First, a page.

In 1901, Bücher became co-editor, with Albert Schäffle, then sole editor after 1904, of the eminent Zeitschrift für die gesamte Staatswissenschaft (Magazine for All Political Sciences) established in 1844 as the first German economic journal of an academic standard and is still published today as "The Journal of Institutional Economics" (JOIE).[2] He edited this key journal of German economics and administration until 1924. In 1901/1902 he served as Vice Chancellor of the Faculty of Philosophy, in 1902/1903 as Dean of the Faculty of Philosophy, and in 1903/04 as Rector of the University of Leipzig .

In 1916 based on his bad experience with press and propaganda during World War I, Bücher founded the Institut für Zeitungswissenschaften (Institute for Newspaper Science) at the University of Leipzig (after having established a departmental division already in 1915), the first such institution in Europe. Until 1926, Bücher headed the Institute and promoted the field, establishing it as a scholarly discipline in Germany with lasting results. In 1919, during the abortive German revolution, Bücher published a booklet about the socialization of factories as well as his highly successful autobiography, Lebenserinnerungen (Life Memories) .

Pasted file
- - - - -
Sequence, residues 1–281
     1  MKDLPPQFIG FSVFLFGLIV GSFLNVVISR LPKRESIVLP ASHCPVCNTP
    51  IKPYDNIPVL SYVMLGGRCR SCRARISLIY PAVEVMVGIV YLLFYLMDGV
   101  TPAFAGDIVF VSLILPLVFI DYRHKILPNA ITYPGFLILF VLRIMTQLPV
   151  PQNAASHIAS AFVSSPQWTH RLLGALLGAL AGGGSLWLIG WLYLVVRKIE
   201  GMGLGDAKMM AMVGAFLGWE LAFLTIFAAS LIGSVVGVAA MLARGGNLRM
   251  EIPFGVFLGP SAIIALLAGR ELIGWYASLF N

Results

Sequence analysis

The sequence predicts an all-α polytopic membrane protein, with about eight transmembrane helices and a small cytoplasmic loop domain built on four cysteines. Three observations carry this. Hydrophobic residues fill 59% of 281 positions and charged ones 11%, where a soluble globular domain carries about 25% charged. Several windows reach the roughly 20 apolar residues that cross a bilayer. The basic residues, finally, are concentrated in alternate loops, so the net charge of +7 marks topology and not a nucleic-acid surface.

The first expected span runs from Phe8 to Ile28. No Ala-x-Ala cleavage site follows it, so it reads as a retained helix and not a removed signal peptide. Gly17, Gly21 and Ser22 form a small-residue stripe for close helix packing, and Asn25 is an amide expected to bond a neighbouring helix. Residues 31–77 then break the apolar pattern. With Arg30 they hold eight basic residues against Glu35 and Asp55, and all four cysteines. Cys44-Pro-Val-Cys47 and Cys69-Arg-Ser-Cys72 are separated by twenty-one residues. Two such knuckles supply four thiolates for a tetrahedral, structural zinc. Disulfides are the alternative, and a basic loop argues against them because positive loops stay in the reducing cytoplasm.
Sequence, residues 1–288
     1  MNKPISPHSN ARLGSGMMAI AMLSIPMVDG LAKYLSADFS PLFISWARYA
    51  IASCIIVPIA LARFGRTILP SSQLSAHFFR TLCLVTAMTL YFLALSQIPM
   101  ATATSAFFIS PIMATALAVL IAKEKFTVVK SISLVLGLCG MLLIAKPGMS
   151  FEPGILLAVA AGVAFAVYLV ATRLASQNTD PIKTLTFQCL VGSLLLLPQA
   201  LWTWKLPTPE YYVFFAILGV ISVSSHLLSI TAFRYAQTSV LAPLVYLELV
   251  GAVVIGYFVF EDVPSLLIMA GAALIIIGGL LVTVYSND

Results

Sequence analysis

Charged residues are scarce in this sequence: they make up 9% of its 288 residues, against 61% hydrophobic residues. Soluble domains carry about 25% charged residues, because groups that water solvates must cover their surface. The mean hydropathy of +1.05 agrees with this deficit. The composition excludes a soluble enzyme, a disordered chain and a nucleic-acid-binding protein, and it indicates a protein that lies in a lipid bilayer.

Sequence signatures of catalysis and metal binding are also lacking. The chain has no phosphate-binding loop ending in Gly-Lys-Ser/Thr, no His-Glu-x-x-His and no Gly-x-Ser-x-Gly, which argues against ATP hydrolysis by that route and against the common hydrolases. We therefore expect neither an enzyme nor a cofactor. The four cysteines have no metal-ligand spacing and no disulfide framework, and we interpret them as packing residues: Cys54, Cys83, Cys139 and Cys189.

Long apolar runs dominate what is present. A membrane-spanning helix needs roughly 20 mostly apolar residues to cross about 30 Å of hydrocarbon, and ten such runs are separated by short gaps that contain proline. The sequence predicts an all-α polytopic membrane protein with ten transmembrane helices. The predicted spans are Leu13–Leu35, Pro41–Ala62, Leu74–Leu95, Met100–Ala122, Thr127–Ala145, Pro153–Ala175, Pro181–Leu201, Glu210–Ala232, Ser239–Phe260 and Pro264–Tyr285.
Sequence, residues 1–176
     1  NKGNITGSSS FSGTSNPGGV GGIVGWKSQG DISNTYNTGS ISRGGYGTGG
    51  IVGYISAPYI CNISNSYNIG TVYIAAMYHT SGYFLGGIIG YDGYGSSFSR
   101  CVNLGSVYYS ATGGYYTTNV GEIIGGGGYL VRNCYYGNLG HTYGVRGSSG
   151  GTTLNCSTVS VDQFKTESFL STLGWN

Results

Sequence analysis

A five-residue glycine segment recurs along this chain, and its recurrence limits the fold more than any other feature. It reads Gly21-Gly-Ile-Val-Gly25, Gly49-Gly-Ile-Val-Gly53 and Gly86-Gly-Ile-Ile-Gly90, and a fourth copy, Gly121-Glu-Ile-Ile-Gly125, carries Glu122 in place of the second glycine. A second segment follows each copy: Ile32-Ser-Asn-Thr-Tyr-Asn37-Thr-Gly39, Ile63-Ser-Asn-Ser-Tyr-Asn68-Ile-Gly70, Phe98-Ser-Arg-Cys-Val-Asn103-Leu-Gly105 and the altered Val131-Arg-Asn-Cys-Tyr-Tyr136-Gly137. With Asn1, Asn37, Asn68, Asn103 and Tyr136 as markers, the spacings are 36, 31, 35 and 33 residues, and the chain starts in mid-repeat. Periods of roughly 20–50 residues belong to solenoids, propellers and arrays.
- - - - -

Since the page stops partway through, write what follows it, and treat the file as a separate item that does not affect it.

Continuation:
Bücher was, for some time a member of the Leipzig City Council. Next to his earned doctorate, he received honorary ones of Law (Dr.jur.h.c.) from Gießen and of economics (Dr.rer.pol.) from Bonn. He was part of the Royal Saxon Geheimer Hofrat and a member of the Royal Saxon Academy .

Further reading

  • Industrial Evolution

References

  1. ^ Goffenshefer, V. (1929). Literaturnaia Entsiklopediia. Moscow: Kom. Akam. pp. 51–52. 
  2. ^ Dr. H. Nau & Prof. Dr. B. Schefold, ed. (2002). The History of Economics. Berlin • Heidelberg: Springer. pp. 53–54.